5. EU granted protection to half million people in 2017
  6. Report: Facebook to carve 1.5bn users out of EU privacy law
  7. Greek court ruling permits migrants to travel to mainland
  8. Commonwealth summit hopes for trade boost after Brexit

Stakeholders' Highlights

  1. Nordic Council of MinistersWorld's Energy Ministers to Meet in Oresund in May to Discuss Green Energy
  2. ILGA EuropeParabéns! Portugal Votes to Respect the Rights of Trans and Intersex People
  3. Mission of China to the EUJobs, Energy, Steel: Government Work Report Sets China's Targets
  4. Martens CentreJoin Us at NET@WORK2018 Featuring Debates on Migration, Foreign Policy, Populism & Disinformation
  5. European Jewish CongressKantor Center Annual Report on Antisemitism Worldwide - The Year the Mask Came Off
  6. UNICEFCalls for the Protection of Children in the Gaza Strip
  7. Mission of China to the EUForeign Minister Wang Yi Highlights Importance of China-EU Relations
  8. Nordic Council of MinistersImmigration and Integration in the Nordic Region - Getting the Facts Straight
  9. Macedonian Human Rights MovementMacedonians in Bulgaria Demand to End the Anti-Macedonian Name Negotiations
  10. Counter BalanceThe EIB Needs to Lead by Example on Tax Justice
  11. ILGA EuropeTrans People in Sweden to be Paid Compensation for Forced Sterilisation
  12. International Partnership for Human RightsThe Danger of Standing Up for Justice and Rights in Central Asia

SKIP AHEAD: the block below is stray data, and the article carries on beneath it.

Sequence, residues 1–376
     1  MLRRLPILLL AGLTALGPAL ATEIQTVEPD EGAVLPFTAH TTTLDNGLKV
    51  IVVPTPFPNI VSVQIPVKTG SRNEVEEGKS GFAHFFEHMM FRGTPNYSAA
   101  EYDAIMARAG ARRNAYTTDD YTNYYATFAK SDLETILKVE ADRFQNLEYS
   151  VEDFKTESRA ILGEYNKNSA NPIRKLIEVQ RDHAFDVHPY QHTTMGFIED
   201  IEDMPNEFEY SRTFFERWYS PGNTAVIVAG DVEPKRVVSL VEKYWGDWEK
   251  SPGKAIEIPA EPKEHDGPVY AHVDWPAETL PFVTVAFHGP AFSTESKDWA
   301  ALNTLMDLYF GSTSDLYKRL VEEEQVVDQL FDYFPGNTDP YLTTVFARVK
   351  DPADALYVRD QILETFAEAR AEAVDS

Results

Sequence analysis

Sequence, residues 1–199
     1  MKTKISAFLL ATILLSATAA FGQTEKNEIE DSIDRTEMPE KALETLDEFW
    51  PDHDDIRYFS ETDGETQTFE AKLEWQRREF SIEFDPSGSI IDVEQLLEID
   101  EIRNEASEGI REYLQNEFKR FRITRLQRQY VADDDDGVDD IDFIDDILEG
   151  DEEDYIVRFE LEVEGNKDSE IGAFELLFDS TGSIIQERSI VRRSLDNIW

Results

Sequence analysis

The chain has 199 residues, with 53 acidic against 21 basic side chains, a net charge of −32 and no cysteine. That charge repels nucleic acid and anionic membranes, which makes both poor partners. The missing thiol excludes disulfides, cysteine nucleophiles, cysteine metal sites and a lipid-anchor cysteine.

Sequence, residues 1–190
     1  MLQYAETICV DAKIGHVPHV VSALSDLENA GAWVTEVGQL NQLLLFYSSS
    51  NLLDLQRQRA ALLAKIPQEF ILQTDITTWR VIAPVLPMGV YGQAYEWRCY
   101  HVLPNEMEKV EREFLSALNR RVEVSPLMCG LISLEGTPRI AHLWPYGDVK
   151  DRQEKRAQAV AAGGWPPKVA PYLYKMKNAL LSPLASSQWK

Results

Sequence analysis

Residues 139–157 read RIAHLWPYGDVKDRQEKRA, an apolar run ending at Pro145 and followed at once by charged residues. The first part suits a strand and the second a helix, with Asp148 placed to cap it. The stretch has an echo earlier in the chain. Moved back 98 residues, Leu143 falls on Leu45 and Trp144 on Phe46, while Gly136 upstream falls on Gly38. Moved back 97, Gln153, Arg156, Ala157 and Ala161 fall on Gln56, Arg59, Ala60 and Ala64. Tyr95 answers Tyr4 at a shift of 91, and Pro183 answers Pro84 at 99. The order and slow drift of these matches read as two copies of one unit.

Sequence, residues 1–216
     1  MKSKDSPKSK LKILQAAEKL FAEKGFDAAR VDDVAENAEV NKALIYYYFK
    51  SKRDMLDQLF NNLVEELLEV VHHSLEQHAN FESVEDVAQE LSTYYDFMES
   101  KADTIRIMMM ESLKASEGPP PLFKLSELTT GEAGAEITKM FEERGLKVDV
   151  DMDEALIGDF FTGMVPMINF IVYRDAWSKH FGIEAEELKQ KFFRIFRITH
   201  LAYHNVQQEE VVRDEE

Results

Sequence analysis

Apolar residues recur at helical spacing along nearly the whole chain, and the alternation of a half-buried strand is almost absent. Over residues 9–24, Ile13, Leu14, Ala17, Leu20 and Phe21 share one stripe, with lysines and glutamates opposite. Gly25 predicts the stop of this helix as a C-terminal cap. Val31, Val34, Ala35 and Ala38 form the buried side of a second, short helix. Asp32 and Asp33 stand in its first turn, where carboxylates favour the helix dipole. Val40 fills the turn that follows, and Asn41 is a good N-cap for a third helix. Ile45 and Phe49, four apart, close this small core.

Latest News

  1. ECJ ruling set to end 10-year 'mouth tobacco' lobbying saga
  2. Whistleblowers, Syria and digital revolution This WEEK
  3. MEP friendship groups offer 'backdoor' for pariah regimes
  4. Macron and Merkel pledge euro reform
  5. Obscurity surrounds EU military fund's expert groups
  6. New EU party finance rules short circuit accountability
  7. Draghi to stay in secretive 'lobby' group
  8. Bulgaria offers lesson in tackling radical-right populists

Stakeholders' Highlights

  1. Mission of China to the EUChina and EU Must Work Together to Promote Global Steel Sector
  2. Swedish EnterprisesEU Tax Proposal on Digital Services Causes Concern for Small Exporting Economies
  3. Europea Jewish CongressCondemns the Horrific Murder of Holocaust Survivor Mireille Knoll in Paris
  4. Mission of China to the EUAn Open China Will Foster a World-Class Business Environment
  5. ECR GroupAn Opportunity to Help Shape a Better Future for Europe
  6. Counter BalanceControversial Turkish Azerbaijani Gas Pipeline Gets Major EU Loan
  7. World VisionSyria’s Children ‘At Risk of Never Fully Recovering', New Study Finds
  8. Macedonian Human Rights MovementMeets with US Congress Member to Denounce Anti-Macedonian Name Negotiations
  9. Martens CentreEuropean Defence Union: Time to Aim High?
  10. UNESDAWatch UNESDA’s President Toast Its 60th Anniversary Year
  11. AJC Transatlantic InstituteAJC Condemns MEP Ana Gomes’s Anti-Semitic Remark, Calls for Disciplinary Action
  12. EPSUEU Commissioners Deny 9.8 Million Workers Legal Minimum Standards on Information Rights